India news July 13, 2011

'Cricketing background huge advantage' - Vengsarkar

Now that his eight-year term as vice-president of the Mumbai Cricket Association (MCA) is up, former India captain Dilip Vengsarkar has set his sights on becoming president. To get there, he will have to defeat his fellow vice-president, and former Maharashtra chief minister, Vilasrao Deshmukh in Friday's election, but Vengsarkar believes his experience as a player gives him a "huge advantage", especially since it is combined with the administrative expertise he has gained during his tenure as vice-president.

"A cricketing background allows you to take the right decisions and implement them as well," Vengsarkar told ESPNcricinfo. "A person has to be a hands-on person and he has to be there all the time. Implementation is very important. You can take the correct decisions, but if the implementation is not there, then all purpose is lost."

Mumbai cricket has been the target of criticism in recent times, with some commentators suggesting that India's most successful domestic team has lost its edge, especially after the team lost to eventual champions Rajasthan in last season's Ranji Trophy quarter-final. But Vengsarkar defended the team, pointing out that Mumbai were champions the year before and said it was a case of other states catching up as cricket has spread across the country rather than Mumbai declining.

At the same time, he said there was a need to respond to the shifting plates of domestic cricket, and believed it started with improving cricket at the grassroots level in the city to make sure no talent went untapped. "We have to give lot of boost to school cricket, college cricket, official club cricket. Concentrate a lot on grassroots cricket. Make it stronger. Tap the talent and groom the players. We need good grounds and good wickets. We want to train 150 coaches and if schools and colleges want them, we can employ them there."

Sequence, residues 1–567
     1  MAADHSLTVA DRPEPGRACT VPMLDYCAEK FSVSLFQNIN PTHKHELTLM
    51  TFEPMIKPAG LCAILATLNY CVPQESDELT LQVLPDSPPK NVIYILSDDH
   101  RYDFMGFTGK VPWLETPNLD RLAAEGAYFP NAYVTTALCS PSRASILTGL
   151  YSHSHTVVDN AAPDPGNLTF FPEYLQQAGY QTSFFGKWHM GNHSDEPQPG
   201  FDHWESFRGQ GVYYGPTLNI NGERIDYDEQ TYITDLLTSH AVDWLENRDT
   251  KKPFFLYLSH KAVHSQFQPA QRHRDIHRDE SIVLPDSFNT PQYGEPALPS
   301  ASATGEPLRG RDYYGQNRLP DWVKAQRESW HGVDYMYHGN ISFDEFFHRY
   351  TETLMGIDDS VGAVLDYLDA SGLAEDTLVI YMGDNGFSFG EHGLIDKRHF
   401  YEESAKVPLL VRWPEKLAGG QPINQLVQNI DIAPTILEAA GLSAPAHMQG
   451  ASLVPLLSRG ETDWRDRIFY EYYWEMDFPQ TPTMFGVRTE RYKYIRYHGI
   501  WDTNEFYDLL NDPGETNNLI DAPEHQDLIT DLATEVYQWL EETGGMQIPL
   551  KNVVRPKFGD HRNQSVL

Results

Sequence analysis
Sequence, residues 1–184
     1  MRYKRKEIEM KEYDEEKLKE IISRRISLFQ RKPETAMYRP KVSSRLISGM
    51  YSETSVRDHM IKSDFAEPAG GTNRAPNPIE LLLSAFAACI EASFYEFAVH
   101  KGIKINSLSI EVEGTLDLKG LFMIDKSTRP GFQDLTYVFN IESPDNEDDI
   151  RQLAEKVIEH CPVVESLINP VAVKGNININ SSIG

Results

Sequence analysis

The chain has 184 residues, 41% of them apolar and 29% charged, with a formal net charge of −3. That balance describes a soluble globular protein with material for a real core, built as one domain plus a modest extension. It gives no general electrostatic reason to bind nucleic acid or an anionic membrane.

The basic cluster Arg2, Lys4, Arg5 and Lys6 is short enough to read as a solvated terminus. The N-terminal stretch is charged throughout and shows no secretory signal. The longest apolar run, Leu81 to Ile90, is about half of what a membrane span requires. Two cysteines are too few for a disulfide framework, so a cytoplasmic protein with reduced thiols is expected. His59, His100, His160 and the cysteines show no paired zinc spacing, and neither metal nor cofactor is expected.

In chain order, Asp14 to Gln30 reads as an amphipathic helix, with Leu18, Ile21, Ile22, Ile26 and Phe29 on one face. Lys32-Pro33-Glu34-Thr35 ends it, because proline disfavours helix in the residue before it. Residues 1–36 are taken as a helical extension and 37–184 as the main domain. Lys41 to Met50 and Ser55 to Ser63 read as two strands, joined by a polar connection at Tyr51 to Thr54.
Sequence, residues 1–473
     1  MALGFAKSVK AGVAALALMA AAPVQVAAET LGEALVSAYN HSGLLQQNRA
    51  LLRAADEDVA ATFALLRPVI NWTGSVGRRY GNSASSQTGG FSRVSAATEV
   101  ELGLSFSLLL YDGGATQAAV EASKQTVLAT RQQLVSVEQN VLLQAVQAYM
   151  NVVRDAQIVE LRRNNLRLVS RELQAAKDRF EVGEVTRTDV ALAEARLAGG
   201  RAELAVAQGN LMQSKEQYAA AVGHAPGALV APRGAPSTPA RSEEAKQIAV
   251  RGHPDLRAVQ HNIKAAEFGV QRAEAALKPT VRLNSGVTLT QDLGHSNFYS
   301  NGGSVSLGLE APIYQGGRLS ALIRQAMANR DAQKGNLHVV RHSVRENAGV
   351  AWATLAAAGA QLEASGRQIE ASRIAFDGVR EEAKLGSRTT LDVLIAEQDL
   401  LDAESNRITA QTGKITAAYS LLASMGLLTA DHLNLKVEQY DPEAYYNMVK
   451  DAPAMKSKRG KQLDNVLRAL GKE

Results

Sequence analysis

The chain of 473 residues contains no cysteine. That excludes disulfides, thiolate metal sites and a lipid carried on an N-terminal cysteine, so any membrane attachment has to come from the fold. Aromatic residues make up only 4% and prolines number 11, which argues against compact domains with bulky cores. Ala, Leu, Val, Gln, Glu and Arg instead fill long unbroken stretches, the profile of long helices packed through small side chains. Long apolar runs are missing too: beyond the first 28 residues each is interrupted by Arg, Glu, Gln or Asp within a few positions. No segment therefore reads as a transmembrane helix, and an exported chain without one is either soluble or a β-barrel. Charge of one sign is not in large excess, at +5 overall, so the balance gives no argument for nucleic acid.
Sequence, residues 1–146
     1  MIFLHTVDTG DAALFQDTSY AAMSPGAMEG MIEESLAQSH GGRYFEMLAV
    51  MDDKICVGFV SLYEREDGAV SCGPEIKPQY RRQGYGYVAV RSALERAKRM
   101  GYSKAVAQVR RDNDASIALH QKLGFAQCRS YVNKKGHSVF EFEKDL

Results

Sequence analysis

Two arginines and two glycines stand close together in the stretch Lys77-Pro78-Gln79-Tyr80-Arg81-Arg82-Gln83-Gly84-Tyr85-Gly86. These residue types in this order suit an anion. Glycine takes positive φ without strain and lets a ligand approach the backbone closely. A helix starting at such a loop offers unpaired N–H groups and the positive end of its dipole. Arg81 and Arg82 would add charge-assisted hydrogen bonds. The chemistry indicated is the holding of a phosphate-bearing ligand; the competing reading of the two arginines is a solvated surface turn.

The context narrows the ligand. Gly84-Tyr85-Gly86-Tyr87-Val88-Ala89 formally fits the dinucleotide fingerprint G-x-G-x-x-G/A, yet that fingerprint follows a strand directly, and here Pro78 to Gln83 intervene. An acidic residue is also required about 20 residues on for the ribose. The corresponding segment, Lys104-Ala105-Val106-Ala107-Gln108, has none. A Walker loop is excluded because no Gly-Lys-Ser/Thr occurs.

Improving the maidans in Mumbai is another priority for Vengsarkar as maidan cricket has long been the lifeblood of the sport in the city, with the likes of Sunil Gavaskar and Sachin Tendulkar first forging their reputations playing on these generally oval-shaped open spaces. "Maidan cricket is very important," he said. "We need to improve the facilities for maidan cricket and we have to assist them financially also."

Another pillar of Vengsarkar's campaign is the revival of office and corporate cricket so that jobs are created for players in corporate houses. He also told the Mumbai Mirror, that there are plans to launch a Mumbai Premier League in the near future.

Tariq Engineer is a senior sub-editor at Cricinfo